• Breathing Difficulties The disease can sometimes cause breathing difficulties and lung infections.
  • Blindness In some cases, the disease can damage the eyes and cause blindness.
  • Pregnancy Complications Leishmaniasis can cause complications and lead to stillbirths or low birth weight infants.
  • Chronic Illness The disease can become chronic, causing recurrent infections and a persistent state of ill health.
  • Fatality In severe cases, leishmaniasis can lead to fatality, particularly in patients with weakened immune systems.


There isn't a vaccination or preventative medicine available. Avoiding a sandfly bite is the only method to protect yourself from leishmaniasis. Follow these steps to prevent:

  • Wear clothes that completely cover your body. High socks, long pants, and long-sleeved shirts tucked into pants are advised.
  • Apply insect repellent to exposed skin and the cuffs and ends of your sleeves and slacks. DEET is included in the most efficient insect repellents.
  • Staying or sleeping at higher levels of buildings is recommended.
  • Avoid being outdoors in the evening because sand flies are most active at that time.
  • When feasible, use screens and air conditioning indoors. Using fans will make it harder for the insects to fly.
  • Use a bed net that is tucked under the mattress. Because sand flies are considerably smaller than mosquitoes, a well-woven net is necessary. If possible, spray the net with a repellent that contains pyrethroid.


Characteristic symptoms and signs, a comprehensive case history, a thorough clinical examination, and a number of tests are used to diagnose leishmaniasis. A detailed case history will reveal whether or not the patient has traveled to places where the disease is prevalent. Tests performed to diagnose leishmaniasis include.

  • Needle biopsy A doctor will use a needle to take a tissue sample from your bone marrow, lymph nodes, or spleen. A lab technician will examine Leishmania under a microscope, and it's the best way to detect visceral leishmaniasis.
  • Skin biopsy A tissue sample from an ulcer on your skin, nose, or mouth will be taken by a specialist. The sample will be examined for Leishmania by a lab professional who can identify leishmaniasis of the skin or mucous membranes.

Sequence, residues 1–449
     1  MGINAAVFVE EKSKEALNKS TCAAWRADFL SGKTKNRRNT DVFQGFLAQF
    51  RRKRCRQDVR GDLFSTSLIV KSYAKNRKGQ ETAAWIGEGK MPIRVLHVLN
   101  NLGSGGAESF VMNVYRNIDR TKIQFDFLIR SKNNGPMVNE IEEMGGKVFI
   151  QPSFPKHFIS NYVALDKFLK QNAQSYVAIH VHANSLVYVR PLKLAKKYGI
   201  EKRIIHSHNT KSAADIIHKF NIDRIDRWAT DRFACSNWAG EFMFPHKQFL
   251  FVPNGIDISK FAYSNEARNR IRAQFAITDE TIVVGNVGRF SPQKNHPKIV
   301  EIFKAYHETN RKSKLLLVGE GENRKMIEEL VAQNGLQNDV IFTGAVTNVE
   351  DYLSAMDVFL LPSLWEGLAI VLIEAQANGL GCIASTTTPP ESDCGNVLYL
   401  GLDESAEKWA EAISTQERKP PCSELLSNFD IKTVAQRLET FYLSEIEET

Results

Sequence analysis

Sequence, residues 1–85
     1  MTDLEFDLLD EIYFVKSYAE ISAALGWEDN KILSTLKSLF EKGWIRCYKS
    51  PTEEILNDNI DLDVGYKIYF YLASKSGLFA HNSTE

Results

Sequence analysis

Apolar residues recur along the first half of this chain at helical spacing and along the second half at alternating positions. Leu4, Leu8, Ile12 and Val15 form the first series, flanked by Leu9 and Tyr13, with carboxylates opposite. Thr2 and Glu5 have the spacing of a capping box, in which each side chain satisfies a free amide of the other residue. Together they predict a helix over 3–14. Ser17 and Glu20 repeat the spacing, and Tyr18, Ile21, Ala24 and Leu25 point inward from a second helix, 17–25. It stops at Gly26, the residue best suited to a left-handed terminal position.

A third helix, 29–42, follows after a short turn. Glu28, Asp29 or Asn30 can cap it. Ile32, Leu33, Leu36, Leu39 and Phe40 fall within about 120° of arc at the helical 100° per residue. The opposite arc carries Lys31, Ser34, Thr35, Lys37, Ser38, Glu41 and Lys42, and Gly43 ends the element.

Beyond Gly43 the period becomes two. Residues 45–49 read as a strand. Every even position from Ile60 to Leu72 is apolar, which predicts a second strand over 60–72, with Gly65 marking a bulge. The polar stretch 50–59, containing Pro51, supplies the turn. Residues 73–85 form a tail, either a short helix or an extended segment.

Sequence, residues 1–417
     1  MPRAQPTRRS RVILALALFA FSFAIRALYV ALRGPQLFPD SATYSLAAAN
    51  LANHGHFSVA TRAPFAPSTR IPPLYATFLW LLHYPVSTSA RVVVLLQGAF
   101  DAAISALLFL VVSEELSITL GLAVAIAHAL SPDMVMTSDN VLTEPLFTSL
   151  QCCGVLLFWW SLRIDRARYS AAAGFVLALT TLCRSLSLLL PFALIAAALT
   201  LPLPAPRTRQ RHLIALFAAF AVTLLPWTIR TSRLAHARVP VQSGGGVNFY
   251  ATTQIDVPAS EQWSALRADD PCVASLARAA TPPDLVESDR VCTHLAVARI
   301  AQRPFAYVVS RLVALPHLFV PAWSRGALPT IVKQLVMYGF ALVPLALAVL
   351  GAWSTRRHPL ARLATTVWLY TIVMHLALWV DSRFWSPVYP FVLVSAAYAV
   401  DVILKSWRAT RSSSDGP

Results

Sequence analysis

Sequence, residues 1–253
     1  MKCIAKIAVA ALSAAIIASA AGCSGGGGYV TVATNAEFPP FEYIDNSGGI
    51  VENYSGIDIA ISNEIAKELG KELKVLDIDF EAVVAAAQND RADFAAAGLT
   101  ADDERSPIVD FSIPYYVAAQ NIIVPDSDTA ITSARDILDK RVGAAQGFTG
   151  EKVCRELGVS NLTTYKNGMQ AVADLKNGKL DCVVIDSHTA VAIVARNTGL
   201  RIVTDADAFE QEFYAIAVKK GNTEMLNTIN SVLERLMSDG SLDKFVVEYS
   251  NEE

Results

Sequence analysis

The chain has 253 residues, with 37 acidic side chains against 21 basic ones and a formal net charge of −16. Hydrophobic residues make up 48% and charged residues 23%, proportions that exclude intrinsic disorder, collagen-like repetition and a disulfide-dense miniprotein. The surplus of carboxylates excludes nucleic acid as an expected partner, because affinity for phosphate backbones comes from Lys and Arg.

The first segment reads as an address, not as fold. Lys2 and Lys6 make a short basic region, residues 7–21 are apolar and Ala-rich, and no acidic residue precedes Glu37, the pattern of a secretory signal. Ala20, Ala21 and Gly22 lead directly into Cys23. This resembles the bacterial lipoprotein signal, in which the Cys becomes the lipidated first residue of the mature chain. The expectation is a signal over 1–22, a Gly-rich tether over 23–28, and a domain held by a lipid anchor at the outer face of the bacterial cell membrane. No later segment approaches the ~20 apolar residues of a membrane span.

• Blood tests A doctor may examine the blood to detect Leishmania infection. A tiny needle inserted into a vein in your arm to get a sample of your blood.


This disease is treated with antiparasitic medications. Depending on the type of leishmaniasis, your doctor can suggest other therapies, such as:

  • Cutaneous leishmaniasis Cutaneous ulcers often recover on their own. Treatment, however, can speed the healing process, lessen scarring, and cut the chance of developing new symptoms. Plastic surgery could be necessary for any skin sores that leave a disfiguring mark.
  • Mucocutaneous leishmaniasis These wounds don't heal naturally and always need to be treated with medications.
  • Visceral leishmaniasis Visceral disease always requires treatment. They can be treated by medications.

Do's And Don'ts

By following the do's and don'ts it's possible to avoid transmission of Leishmaniasis.

Do’s Don’ts
Practice good hygiene by washing your hands regularly and keeping your surroundings clean. Ignore Leishmaniasis's symptoms.
Wear protective clothing, especially when entering areas with a high risk of flies exposure. Ignore the need for preventive measures such as insect repellent, protective clothing, and screens.
Use insect-repellent sprays or creams while spending time outdoors. Travel to Leishmaniasis infected regions.
Seek medical help immediately if you notice any symptoms of Leishmaniasis. Avoid taking preventive measures for your pets.
Cover windows and doors with screens to prevent sandfly entry. Avoid wearing full body covered clothes.

Care at Medicover Hospitals

At Medicover hospitals, we have the best General Physicians and medical professionals to treat Leishmaniasis with the highest accuracy. Our qualified physicians are equipped with excellent diagnostic facilities for screening and treating Leishmaniasis.

Find Leishmaniasis Specialists Here